I was surprised when the first page of the book was the Acknowledgements section. Usually Acknowledgements are saved until the end. But right at the beginning, on the very first page of The Happiness Advantage, was the author’s Acknowledgments.
Shawn Achor, Harvard positive psychology researcher, begins The Happiness Advantage, a book about the “seven principles of positive psychology that fuel success” with a list of people he’s grateful to. The first sentence of the book is this: “This section has been the most fun part of writing this book. I am humbled and excited knowing that every word in this book has been shaped by the people in my life.”
I wrongly assumed the most fun part of writing the book would have been sharing ten years of research, hundreds of stories of successfully re-training CEO’s in twelve countries to become happier, and the seven principles of unlocking the secrets to success in the workplace. Something was up. I read the acknowledgment section expecting hilarity, inside jokes, and mention of puppies. But it was just a really nice list of Thank You’s to really nice people.
At the end of the Acknowledgement section, Achor writes this: “If you have never written an acknowledgement page, try taking an afternoon to do it. I have just found that you cannot help but be happy and humbled being reminded that we are loved and that we do nothing alone.”
Let me read that to you again, dear reader, “…we cannot help but be happy and humbled being reminded that we are loved.”
In August, we held “Teacher Appreciation Week” at Westport Yoga. I put out a gift bag with each teacher’s name on it and asked our Members to write a quick ‘Thank You’ to a teacher who made a difference in their life. My goal was to encourage Westport Yoga teachers by helping them build stronger personal relationships with their students. (Achor’s Principle #7 for happiness and success is ‘Social Investment.’ You really should read his book.)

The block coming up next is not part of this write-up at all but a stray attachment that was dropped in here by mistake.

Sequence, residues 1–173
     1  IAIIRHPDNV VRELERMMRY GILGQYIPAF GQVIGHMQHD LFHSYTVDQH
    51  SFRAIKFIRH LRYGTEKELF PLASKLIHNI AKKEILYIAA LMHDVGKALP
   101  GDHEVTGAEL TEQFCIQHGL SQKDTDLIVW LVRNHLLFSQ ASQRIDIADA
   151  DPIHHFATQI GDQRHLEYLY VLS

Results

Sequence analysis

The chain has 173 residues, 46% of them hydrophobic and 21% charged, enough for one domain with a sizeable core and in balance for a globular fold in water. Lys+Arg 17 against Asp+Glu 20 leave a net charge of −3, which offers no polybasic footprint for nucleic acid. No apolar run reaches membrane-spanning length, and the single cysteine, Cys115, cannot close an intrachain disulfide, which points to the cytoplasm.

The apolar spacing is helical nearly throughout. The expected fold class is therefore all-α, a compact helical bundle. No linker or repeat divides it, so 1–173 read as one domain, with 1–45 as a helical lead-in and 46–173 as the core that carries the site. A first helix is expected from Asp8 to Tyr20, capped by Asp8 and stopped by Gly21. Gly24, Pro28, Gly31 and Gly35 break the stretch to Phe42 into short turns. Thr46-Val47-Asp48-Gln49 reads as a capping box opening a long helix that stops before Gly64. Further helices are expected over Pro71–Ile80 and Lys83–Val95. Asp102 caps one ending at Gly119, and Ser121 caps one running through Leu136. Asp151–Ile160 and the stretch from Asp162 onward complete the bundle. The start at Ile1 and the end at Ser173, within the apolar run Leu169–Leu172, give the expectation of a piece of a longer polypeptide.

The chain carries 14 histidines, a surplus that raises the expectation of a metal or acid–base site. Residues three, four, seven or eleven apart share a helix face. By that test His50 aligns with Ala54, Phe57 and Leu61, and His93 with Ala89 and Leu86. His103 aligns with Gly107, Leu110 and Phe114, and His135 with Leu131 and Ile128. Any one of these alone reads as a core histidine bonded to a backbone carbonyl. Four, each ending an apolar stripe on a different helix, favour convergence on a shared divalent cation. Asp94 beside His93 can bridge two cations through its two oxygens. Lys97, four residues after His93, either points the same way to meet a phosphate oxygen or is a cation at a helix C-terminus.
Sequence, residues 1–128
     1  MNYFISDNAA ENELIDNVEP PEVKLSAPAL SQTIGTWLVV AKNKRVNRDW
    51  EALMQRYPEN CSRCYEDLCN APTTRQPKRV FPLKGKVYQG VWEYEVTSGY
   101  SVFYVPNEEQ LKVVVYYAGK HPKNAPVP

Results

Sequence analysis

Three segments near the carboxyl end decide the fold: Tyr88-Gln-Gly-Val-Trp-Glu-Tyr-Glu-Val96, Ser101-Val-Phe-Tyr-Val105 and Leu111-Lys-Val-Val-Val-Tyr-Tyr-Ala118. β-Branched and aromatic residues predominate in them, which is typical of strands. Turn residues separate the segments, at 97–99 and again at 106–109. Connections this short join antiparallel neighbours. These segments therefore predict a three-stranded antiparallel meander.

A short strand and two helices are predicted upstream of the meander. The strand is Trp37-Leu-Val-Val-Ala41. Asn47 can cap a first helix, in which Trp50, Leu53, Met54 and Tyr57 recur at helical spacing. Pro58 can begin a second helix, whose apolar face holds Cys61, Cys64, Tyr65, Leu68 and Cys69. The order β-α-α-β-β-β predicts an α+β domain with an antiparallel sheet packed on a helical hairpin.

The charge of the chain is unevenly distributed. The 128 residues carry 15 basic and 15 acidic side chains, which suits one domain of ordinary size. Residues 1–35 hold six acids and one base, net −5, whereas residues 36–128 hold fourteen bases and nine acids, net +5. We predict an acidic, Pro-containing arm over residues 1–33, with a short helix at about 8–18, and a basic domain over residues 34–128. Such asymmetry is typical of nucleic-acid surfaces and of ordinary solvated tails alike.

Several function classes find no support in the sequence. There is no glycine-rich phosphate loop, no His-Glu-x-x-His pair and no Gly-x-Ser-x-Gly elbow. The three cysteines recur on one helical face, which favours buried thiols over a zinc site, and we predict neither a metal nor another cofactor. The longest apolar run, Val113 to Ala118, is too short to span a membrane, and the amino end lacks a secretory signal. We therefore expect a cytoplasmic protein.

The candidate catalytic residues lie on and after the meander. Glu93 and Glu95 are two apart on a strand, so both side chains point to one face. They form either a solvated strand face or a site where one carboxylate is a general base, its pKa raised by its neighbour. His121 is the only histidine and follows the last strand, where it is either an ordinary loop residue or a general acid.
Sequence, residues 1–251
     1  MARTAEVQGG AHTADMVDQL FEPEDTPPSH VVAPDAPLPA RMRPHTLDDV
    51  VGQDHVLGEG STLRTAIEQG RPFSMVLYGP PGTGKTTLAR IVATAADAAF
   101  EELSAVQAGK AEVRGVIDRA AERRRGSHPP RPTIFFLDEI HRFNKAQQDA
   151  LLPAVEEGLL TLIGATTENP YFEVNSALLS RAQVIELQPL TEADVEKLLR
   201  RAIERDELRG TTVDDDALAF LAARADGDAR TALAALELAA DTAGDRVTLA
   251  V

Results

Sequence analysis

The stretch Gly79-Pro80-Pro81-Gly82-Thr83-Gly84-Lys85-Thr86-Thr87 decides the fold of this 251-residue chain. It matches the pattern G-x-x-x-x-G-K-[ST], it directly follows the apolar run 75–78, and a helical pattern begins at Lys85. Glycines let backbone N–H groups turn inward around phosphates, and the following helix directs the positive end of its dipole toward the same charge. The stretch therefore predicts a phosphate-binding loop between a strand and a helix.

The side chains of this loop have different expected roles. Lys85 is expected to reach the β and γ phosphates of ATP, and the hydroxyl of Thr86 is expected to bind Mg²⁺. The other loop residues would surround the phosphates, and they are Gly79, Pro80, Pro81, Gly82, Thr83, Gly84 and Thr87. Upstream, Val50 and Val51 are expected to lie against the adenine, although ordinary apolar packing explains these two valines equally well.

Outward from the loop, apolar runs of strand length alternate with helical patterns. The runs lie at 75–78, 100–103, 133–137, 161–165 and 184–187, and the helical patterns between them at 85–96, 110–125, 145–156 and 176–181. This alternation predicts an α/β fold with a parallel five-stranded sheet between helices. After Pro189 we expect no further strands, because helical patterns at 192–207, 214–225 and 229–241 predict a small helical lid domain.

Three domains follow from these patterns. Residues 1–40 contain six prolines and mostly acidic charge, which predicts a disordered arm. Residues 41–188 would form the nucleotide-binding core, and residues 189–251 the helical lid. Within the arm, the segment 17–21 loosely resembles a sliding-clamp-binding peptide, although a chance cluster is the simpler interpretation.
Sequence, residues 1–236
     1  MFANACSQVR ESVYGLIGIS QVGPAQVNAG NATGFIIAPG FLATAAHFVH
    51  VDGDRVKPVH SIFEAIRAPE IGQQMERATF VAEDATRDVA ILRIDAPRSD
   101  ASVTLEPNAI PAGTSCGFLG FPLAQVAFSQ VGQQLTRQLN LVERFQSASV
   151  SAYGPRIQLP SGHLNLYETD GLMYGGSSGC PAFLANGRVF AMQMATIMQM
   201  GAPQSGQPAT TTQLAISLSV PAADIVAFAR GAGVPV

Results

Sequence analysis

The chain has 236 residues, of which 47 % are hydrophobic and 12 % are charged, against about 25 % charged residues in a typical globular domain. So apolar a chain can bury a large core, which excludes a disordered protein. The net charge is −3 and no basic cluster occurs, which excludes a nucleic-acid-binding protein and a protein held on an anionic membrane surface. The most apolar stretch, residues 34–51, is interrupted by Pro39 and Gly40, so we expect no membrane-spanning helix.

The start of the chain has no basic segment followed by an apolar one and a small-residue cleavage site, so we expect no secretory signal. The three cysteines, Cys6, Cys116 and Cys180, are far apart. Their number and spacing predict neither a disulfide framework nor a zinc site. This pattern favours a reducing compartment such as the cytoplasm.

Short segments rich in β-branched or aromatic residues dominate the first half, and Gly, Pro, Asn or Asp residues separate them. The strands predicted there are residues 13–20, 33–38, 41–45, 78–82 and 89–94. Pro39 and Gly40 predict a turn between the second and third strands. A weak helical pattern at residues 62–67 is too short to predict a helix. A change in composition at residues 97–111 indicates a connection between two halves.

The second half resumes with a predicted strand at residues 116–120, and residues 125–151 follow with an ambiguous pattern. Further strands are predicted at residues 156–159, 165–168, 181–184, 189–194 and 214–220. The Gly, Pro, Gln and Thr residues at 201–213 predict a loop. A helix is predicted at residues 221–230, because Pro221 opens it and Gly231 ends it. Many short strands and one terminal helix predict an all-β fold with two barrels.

I wanted to the teachers to feel meaningful, appreciated, and supported. Surprisingly, the writers of the Thank You notes may have found more meaning in the task than the recipients. As the teachers’ bags filled with notes of gratitude, students came to me saying “Thank you so much for that opportunity, it meant so much to me to write a Thank You. I don’t usually take the time to do that. It felt amazing!”
My dear reader, acknowledging the people who are influential in our lives is such a meaningful practice. When we take the time to say ‘Thank You’ to the friends, family and co-workers who are the very fabric of our daily lives, we realize how interconnected we really are.
My challenge to you is to write an Acknowledgements Page today. Kick-start November, the month of the year when Gratitude is expected and celebrated.
Set a timer for 30 minutes. In those 30 minutes, write/ type/ voice-to-text a list of Thank You’s. Acknowledge Major Players who support you and teachers who motivate you. Acknowledge your family members who take care of your home, kids who bring you joy, baristas who make your coffee, authors who write books you love, mail carriers who deliver your mail. Acknowledge as many people as you can in thirty minutes and remind yourself that you do nothing alone.
Here are some more articles to get you geared up for November as a month-long-Gratitude-fest and Thanksgiving (the second best holiday of the year, if you ask me.)
Re-Defining Gratitude (originally published in 2013)
Full Gratitude Meditation (originally published in 2014)
Why Gratitude is the Only Reasonable Response to Life (originally published in 2015)
Why You Should Write Down your Blessings (originally published in 2015)